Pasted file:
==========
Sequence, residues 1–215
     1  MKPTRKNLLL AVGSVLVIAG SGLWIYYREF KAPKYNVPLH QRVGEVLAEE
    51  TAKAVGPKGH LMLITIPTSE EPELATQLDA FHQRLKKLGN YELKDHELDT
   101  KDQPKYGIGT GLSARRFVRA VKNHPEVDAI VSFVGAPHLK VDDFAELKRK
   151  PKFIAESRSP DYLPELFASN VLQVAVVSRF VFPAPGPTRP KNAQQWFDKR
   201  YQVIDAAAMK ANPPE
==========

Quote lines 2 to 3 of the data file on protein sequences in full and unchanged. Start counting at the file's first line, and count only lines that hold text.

     1  MKPTRKNLLL AVGSVLVIAG SGLWIYYREF KAPKYNVPLH QRVGEVLAEE
    51  TAKAVGPKGH LMLITIPTSE EPELATQLDA FHQRLKKLGN YELKDHELDT